For any floor drain penetrations, I was able to cut a hole in the exact location by folding the membrane up against the drain and then marking with another loose piece of ABS.
For pipes and other penetrations that you could not slip the membrane over, I just had to do a slit cut and then reseal. On all penetrations, I was concerned that the slight compression of the mineral wool, would just tear any taped seal I did around the penetration. So, I instead made a ring of membrane that I knew would stick well to the Perminator and then I used my favourite liquid flashing material: R-Guard Joint and Seam. This provided a very flexible, air and water tight interface, and was fast and easy to install.
The last task was to install the slab edge insulation. Now slab edges are negligible down 12ft below grade except that the perimeter drainage system is constantly removing thermal energy from the perimeter of the foundation, so some insulation is still useful. You also want a bond break between the floor and foundation/footing to allow independent movement.
Now to the title of this entry – Slab Happy. This was not randomly chosen but represents an article written by Joseph Lstiburek at the Building Science Corporation. In his building science insight #59 Joe talks about the proper placement of the sub slab ‘vapour barrier’ SHOULD ALWAYS be placed between the insulation and the concrete slab, NEVER UNDER the insulation. Joe further previously elaborated on the issue in his article Concrete Floor Problems discussing the California practice of placing sand between the vapour barrier and concrete to the same end result.
Most builders reading this entry will have thought up to this point that I had put the Perminator membrane in the wrong location, and in fact my Municipal inspector confirmed that they “always” see the membrane installed under the insulation.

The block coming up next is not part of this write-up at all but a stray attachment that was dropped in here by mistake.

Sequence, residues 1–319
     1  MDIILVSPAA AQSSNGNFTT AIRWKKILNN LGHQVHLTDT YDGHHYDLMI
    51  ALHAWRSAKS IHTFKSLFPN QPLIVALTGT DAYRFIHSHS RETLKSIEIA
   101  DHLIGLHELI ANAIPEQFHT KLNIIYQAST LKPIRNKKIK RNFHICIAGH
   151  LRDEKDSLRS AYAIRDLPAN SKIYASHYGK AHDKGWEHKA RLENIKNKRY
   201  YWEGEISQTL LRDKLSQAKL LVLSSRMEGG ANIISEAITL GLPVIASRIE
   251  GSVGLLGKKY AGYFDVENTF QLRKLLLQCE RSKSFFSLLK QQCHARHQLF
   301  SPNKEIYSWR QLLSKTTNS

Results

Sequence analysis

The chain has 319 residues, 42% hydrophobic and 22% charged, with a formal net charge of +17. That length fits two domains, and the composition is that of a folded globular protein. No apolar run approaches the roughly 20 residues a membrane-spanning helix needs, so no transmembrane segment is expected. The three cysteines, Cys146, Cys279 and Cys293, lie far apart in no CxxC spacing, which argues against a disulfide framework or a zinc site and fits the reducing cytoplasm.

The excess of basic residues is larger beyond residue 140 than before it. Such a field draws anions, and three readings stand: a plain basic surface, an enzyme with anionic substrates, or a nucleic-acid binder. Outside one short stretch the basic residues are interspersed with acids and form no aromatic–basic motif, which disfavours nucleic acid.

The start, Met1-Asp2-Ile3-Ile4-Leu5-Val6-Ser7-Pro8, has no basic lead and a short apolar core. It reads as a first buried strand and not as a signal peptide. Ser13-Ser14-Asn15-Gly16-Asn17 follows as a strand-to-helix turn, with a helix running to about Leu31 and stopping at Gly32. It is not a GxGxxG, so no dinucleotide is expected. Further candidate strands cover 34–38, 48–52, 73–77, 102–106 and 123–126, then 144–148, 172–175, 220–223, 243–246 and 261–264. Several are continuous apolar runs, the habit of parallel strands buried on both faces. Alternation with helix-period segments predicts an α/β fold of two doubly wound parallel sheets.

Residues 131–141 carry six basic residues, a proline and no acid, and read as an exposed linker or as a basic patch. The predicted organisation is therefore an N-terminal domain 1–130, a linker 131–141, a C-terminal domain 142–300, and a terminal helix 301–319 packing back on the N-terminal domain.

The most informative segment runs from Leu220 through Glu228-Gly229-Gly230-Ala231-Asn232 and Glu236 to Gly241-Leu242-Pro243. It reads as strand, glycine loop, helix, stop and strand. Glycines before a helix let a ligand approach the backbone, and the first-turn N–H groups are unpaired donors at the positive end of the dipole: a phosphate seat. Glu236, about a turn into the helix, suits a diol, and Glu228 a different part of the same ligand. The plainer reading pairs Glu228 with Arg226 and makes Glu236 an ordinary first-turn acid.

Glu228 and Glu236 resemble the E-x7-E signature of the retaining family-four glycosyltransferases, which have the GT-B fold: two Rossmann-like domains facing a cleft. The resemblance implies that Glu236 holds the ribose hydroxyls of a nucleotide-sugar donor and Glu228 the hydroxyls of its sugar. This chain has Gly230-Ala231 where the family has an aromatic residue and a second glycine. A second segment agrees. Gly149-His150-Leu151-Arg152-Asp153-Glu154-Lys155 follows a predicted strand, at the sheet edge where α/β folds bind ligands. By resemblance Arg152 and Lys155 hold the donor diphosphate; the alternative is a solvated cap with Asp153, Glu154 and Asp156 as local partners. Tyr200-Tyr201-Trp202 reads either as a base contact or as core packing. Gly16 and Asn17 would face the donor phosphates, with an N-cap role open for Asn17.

So why should it go above? Simple answer – Physics. You see, when the membrane is put below the insulation, it means that there is no barrier between the insulation and all that bulk water incorporated into the poured concrete. The insulation becomes 100% saturated. This is only part of the problem, the second part is that although it was wetted by liquid bulk water, its only drying capacity is by vapour transport up through the slab, and this is a very slow process retarded even further by the fact that as the interior of the dwelling becomes heated, the vapour pressure will always be pushing downwards. The insulation stays saturated for years, if it ever dries out, and wet insulation is pretty much useless insulation! So always put your membrane in contact with the concrete.
Now that this milestone is behind me, I will frame out the remaining walls in the basement before re-starting on the exterior of the dwelling.
Thanks for visiting.
“In any moment of decision, the best thing you can do is the right thing, the next best thing is the wrong thing, and the worst thing you can do is nothing.” —Theodore Roosevelt (1858-1919) 26th U.S. President